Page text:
Having spent nearly three weeks running around the UK looking at aircraft and staying in various hotels, the next few days were certainly a major change of pace.
Once again we were in the Norfolk area, though this time we were right on the coast at Shearingham and Weybourne, rather than further inland as we had been a week or so past when we stayed in Norwich.
Additionally this weekend there was to be no two-star hotel accommodation, it was five-star camping all the way at a local camp ground! Our good friend, photographer Rob Leigh supplied all the essential camping equipment, and kitted out his own ‘canvas’ hideaway with all the essentials of modern camping, including the beer fridge!
We were in the area for the weekend to attend the North Norfolk Steam Gala—a three day event featuring a number of steam locomotives plying their trade back and forth along the railway line between the coastal towns of Shearingham and Holt—about a twenty minute train journey if it’s done non-stop. For steam afficianados this is one of the big annual events in the area, with six different locomotives running this year (four locals and two visitors).
We had the chance to walk along the track (with a special pass) and watch the trains coming past at very close quarters, and we were also able to buy a day pass to ride the trains back and forth between the stations at Shearingham – Weybourne – Holt.
This is a great way to spend a weekend, particularly because the carriages attached to each train were of quite different designs and eras—you could easily spend all day going up and down the line on completely different trains. While this gala weekend was a feast of steam for enthusiasts, the North Norfolk Railway operates year round so if you’re in this area it’s certainly worthwhile checking out their website and going for a ride.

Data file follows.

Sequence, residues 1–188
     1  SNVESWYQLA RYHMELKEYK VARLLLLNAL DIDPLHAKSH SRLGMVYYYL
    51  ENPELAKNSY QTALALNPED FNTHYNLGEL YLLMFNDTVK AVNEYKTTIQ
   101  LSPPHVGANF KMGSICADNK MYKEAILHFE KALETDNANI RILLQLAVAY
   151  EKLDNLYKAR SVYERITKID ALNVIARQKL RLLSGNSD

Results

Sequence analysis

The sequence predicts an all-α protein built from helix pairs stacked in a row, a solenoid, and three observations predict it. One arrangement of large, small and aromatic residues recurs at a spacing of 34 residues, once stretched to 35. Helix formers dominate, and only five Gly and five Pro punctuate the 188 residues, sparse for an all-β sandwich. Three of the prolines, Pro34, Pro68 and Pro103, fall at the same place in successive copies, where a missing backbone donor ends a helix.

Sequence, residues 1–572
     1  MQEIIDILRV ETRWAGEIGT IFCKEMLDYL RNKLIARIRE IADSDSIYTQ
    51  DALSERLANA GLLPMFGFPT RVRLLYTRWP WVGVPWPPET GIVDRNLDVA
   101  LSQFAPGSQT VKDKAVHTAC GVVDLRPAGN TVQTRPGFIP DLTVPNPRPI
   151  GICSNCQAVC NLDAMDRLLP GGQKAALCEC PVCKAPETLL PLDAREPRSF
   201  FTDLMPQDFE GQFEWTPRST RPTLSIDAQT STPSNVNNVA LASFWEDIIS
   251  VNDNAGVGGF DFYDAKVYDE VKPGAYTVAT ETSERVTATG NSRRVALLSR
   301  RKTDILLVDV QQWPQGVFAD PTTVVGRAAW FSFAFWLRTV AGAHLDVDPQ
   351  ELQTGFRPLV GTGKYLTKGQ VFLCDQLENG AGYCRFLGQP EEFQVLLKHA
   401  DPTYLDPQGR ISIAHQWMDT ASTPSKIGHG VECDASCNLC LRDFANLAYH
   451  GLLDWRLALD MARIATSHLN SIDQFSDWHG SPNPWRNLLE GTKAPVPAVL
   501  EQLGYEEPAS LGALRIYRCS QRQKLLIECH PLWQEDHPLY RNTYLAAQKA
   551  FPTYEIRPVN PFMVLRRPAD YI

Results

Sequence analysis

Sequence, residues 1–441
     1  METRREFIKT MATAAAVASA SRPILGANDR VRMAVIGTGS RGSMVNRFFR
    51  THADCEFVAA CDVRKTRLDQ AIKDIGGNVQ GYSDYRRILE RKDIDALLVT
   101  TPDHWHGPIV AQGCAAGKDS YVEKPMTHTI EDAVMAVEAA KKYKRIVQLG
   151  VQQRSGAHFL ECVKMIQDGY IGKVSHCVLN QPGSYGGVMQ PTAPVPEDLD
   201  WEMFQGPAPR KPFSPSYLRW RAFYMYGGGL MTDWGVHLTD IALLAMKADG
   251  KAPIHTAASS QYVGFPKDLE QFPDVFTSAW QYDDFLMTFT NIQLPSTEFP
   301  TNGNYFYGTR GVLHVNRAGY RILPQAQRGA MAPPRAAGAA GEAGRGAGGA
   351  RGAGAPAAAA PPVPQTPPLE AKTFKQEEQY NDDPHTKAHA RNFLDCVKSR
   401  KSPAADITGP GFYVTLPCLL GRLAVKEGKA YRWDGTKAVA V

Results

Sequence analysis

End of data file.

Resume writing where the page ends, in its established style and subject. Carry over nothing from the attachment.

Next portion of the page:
The other surprise we had was finding the Muckleburgh Collection right next door to the camping ground we were staying at. This military vehicle collection and museum is a bit like the Norwich Aviation Museum—a bit rough on the outside, but actually pretty impressive on the inside. With a total of over 150 tanks, guns and other vehicles (many of which are still operational) the collection is a very worthwhile visit, particularly when you consider that there are also a significant number of other high quality exhibits (local military history, light weapons, ammunition, local naval history etc).
The fact that many of the vehicles of the collection are still operational means that in the school holidays during the display season (April – November) the Collection will usually display one of the main battle tanks in the outdoor arena at 2:30pm — luckily we were their in time to see the Soviet T-55 tank put through its paces. Note that this was not two-three minutes start-her-up-and-drive-100m display—the tank was demonstrated for almost 15 minutes, and at times it probably got close to reaching her to speed! This was a great display.
If you have the chance to visit Muckleburgh, you should do so, just make sure that you’re not put off by the somewhat shabby appearance of the outside of many of the (historically significant) buildings on the site. Inside the collection is great.